Free-Staters rejected the ratification formula indignantly. They boycotted the election, and Lecompton “with” slavery overwhelmingly passed and was submitted to Congress. Many Northerners, however, agreed with the Free-State objections. Even Senator Douglas decided that Lecompton did not constitute popular sovereignty and called on President Buchanan not to insist on congressional passage.
Buchanan took seriously Southern threats to secede from the Union if Kansas was not admitted as a slave state under Lecompton. He tried to force Northern congressmen—using patronage, threats, and even bribes—to pass the bill. Congressmen Alexander Stephens of Georgia and William English of Indiana staved off an embarrassing defeat by crafting a compromise to appeal to Northern Democrats.
Alleging that there was a problem with the land allotment, Stephens and English crafted legislation whereby Congress returned the Lecompton Constitution to Kansas for another vote. Finally, in August 1858, in an election in which Free-Staters participated, Kansans “killed” Lecompton. Kansas would remain a territory until 1861, when Southern states seceded from the Union and Kansas was admitted under the Free-State Wyandotte Constitution.
Toward Harpers Ferry and War
Kansas nonetheless remained an intense national controversy, especially in the 1858 senate election in Illinois. Stephen Douglas, running for re-election, faced a powerful challenge from Republican Abraham Lincoln. In lengthy debates throughout the state, the two men argued over the meaning of popular sovereignty and its effects on Kansas and the nation.
Despite the recent Dred Scott decision, in which the Supreme Court ruled that the Missouri Compromise’s prohibition against slavery was unconstitutional, Douglas insisted that settlers could keep slavery out of a territory by refusing to enact a slave code. Lincoln accused Douglas of being part of a conspiracy to nationalize slavery, of which the Kansas-Nebraska Act and Dred Scott were both pieces.
The most profound difference between Lincoln and Douglas was that Douglas took a “don’t care” policy by insisting that white men’s rights to vote on slavery were the highest morality. Lincoln insisted that slavery was a moral wrong, with a stigma placed on the institution by the nation's founders, and should not be expanded. Although the Republicans, led by Lincoln, made a strong showing, the apportionment of the state legislature was such that Douglas was reappointed to his Senate seat (prior to the 17th Amendment in 1913, U.S. senators were not directly elected) and kept his political career alive.
Americans paid less attention to Kansas after the Lecompton controversy subsided, but all was not quiet in the territory. In May 1858, a proslavery band gathered up a group of Free-State men and shot them down along the Marais des Cygnes River. Free-State guerrilla James Montgomery continued activities in southern Kansas, raiding Fort Scott and killing a local man.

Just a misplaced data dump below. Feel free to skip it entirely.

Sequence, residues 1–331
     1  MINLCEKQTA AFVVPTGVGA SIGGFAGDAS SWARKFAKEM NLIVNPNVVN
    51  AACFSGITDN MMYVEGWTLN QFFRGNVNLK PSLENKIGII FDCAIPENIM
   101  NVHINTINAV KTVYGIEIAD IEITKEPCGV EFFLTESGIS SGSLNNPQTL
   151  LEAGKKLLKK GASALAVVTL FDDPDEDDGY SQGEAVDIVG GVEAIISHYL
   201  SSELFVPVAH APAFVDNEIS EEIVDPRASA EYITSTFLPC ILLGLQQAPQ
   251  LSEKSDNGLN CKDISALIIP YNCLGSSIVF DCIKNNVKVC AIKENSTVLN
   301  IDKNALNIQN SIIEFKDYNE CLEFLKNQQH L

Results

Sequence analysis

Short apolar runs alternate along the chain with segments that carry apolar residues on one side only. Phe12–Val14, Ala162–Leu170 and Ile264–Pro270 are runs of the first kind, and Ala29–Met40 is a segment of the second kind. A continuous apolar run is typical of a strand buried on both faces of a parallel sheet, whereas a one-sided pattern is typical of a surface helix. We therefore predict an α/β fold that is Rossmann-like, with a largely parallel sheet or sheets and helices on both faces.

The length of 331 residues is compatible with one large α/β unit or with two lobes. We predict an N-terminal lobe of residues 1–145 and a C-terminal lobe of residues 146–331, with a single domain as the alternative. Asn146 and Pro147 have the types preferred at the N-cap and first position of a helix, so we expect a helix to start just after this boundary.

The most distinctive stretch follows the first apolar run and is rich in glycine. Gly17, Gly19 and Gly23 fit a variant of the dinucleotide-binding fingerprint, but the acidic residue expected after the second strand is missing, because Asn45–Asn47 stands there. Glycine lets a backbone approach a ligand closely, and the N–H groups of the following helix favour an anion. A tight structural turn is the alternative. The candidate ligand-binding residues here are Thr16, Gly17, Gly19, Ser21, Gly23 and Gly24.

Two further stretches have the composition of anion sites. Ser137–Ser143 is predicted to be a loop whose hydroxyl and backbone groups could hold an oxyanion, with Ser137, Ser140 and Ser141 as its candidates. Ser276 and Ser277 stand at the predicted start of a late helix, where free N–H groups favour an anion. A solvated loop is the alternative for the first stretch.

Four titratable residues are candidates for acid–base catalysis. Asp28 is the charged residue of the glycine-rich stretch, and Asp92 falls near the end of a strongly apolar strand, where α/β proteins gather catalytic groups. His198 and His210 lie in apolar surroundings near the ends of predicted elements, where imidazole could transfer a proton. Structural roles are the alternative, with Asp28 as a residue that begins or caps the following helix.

John Brown returned to Kansas in the winter of 1858-59 and led a raid to liberate a group of Missouri slaves. Brown’s return to the territory proved temporary. With the support of Eastern backers known as the Secret Six, Brown used his credentials as “Captain” Brown, of Kansas fame, to raise money for the attack on Harpers Ferry. Despite the failure of the raid, Brown’s subsequent martyrdom fixed him in the public mind as the archetypal figure of Bleeding Kansas.
Brown was not a typical Free-Stater. He had arrived in the territory after the Free-State movement formed, participated only peripherally in Free-State politics, and disdained more reserved Free-State leaders, including Robinson and Lane, as “old women.” But like abolitionist Lydia Maria Child, many Americans viewed Brown's raid on Harpers Ferry as evidence of how Bleeding Kansas had polarized the national debate over slavery.
When he went to the gallows, Brown was not alone in believing that “the crimes of this guilty land will never be purged away but with Blood.” Blood had been shed in Kansas, and still more blood would be shed in the years to come.
Etcheson, Nicole. Bleeding Kansas: Contested Liberty in the Civil War Era. Lawrence: University Press of Kansas, 2004.
Horwitz, Tony. Midnight Rising: John Brown and the Raid That Sparked the Civil War. New York: Holt, 2011.
Oertel, Kristen Tegtmeier. Bleeding Borders: Race, Gender, and Violence in Pre–Civil War Kansas. Baton Rouge: Louisiana State University Press, 2009.